Basically $200 to give it a once-over and install a GI bolt.

  A couple of questions:
  How bad are the stocks?  I mean are they that poorly fitted?  A few people said "They're ugly", but to me they don't look bad.  But if the fit was off, yeah, it'd be better to stick on a new stock.

 Second: Fulton Armory seems to be all "GAH, ARGGH *rip out hair*" about replacing the barrel too.
  From what I've heard, the Barrels are decent...shouldn't need replacing.

   I dunno.  Still thinking but the Polytech seems to be about as good as the Springfield for a cheaper price, and maybe a bit better if fully upgraded to equal $$ amount. 
Montana"I’d say the worst part of all this is the feeling of betrayal,           but I’m betting the part where they break in here and beat us to death might be worse.”

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Re: Polytech/Norinco M1/M14 Clones.
« Reply #9 on: March 08, 2010, 08:39:42 AM »
The mystery wood stock works. I just prefer fiberglass for a working rifle.

And I think Fulton is trying to sell you a barrel.
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Grant

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Re: Polytech/Norinco M1/M14 Clones.
« Reply #10 on: March 08, 2010, 12:36:37 PM »
  I figured they were trying to sell barrels.   I'd look around at somewhere else, but I don't see many people with as much of a firm background in the dealing.

   I dunno.  I'm still undecided.  I'd like a Broadsword, but I'm torn because the M14 is sorta "The gun" (in my opinion) of semi-auto's.  It's the 1911 of semi-auto combat rifles.     My final part is tearing at me because of the FAL....it just has had so much history on it.     It was sorta the defender of freedom during the communist years....Even though it really didn't earn that title.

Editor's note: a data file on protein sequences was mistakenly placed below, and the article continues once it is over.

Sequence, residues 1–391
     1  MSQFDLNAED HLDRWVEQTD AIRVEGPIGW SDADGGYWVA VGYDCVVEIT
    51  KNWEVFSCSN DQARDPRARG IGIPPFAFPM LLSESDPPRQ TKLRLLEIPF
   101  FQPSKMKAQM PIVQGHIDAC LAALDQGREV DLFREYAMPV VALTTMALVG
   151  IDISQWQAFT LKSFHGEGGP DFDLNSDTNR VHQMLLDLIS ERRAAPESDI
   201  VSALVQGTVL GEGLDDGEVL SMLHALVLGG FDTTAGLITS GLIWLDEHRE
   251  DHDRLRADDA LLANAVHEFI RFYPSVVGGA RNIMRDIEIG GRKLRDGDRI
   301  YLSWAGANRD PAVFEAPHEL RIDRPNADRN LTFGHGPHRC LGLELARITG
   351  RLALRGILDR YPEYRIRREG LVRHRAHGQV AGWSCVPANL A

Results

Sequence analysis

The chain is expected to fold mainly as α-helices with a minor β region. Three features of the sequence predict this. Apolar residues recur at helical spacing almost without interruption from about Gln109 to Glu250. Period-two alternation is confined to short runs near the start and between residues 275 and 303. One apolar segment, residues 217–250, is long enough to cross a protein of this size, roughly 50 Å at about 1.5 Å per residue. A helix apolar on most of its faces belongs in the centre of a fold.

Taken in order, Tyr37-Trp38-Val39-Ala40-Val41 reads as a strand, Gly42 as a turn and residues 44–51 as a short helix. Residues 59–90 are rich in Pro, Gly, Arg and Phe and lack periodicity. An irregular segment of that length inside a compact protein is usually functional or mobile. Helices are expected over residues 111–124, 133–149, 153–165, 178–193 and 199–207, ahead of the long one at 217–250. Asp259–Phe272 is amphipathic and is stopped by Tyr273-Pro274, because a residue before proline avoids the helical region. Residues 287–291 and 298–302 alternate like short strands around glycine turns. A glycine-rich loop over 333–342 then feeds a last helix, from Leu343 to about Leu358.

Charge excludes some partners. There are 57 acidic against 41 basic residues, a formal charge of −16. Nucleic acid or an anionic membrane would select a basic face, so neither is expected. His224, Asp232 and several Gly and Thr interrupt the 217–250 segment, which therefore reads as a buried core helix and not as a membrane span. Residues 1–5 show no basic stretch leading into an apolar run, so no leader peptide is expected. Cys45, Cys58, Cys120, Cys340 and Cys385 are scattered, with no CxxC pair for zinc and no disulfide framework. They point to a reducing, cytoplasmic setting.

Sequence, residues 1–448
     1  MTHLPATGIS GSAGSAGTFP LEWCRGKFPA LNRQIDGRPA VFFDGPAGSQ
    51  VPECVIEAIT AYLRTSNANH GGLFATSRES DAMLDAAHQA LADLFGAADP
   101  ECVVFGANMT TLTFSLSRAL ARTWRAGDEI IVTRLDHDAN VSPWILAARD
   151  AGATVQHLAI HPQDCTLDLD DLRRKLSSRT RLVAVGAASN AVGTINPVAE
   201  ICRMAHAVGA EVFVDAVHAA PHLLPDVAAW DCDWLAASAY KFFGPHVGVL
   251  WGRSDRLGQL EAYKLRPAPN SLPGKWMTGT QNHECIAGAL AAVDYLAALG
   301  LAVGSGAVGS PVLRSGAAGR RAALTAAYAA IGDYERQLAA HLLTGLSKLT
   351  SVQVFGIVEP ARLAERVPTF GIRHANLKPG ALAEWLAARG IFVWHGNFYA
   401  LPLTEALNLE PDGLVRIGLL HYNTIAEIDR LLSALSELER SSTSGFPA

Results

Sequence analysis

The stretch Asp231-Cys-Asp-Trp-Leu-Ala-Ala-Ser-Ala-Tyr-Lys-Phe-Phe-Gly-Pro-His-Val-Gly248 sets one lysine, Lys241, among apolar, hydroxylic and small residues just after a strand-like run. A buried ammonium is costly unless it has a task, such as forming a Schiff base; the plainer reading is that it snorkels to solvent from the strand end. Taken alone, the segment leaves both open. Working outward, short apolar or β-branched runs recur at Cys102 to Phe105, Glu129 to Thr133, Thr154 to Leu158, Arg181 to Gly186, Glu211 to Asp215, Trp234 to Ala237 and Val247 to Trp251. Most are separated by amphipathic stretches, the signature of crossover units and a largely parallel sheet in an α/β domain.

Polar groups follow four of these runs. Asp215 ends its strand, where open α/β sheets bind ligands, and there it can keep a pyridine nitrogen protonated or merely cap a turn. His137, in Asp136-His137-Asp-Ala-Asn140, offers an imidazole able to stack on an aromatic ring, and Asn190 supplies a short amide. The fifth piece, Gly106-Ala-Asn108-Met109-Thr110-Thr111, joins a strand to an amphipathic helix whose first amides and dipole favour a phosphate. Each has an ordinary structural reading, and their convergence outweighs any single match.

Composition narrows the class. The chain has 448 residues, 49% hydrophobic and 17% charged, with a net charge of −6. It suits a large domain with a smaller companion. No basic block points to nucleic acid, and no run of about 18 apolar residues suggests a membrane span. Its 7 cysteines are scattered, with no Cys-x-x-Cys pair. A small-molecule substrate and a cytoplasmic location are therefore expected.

Montana"I’d say the worst part of all this is the feeling of betrayal,           but I’m betting the part where they break in here and beat us to death might be worse.”

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Re: Polytech/Norinco M1/M14 Clones.
« Reply #11 on: March 08, 2010, 02:22:59 PM »
"Sorta" didn't earn the title?

I've got a list of 90 countries that would say otherwise.  :neener
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Re: Polytech/Norinco M1/M14 Clones.
« Reply #12 on: March 08, 2010, 04:09:16 PM »
Let's not turn this into an FAL/M14 flame-off, okay?
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Re: Polytech/Norinco M1/M14 Clones.
« Reply #13 on: March 08, 2010, 04:21:40 PM »
Let's not turn this into an FAL/M14 flame-off, okay?

The best way to avoid doing that is to buy both of em.   ;D  And a G3, and a Broadsword and a...
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Bo Smith

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Re: Polytech/Norinco M1/M14 Clones.
« Reply #14 on: March 08, 2010, 05:34:32 PM »
Unless you really like to shoot. Who could afford to train with all of them in these days of $.50/round  for surplus?
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Grant

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Re: Polytech/Norinco M1/M14 Clones.
« Reply #15 on: March 08, 2010, 07:00:54 PM »
  Okay: not a flame-off:  But, I meant it really didn't "Face off" against the AKM family.    It was the weapon of free countries, but when it was used in Africa,etc. it was more one slightly better group of DipS***s facing off against worse groups of DipS***s.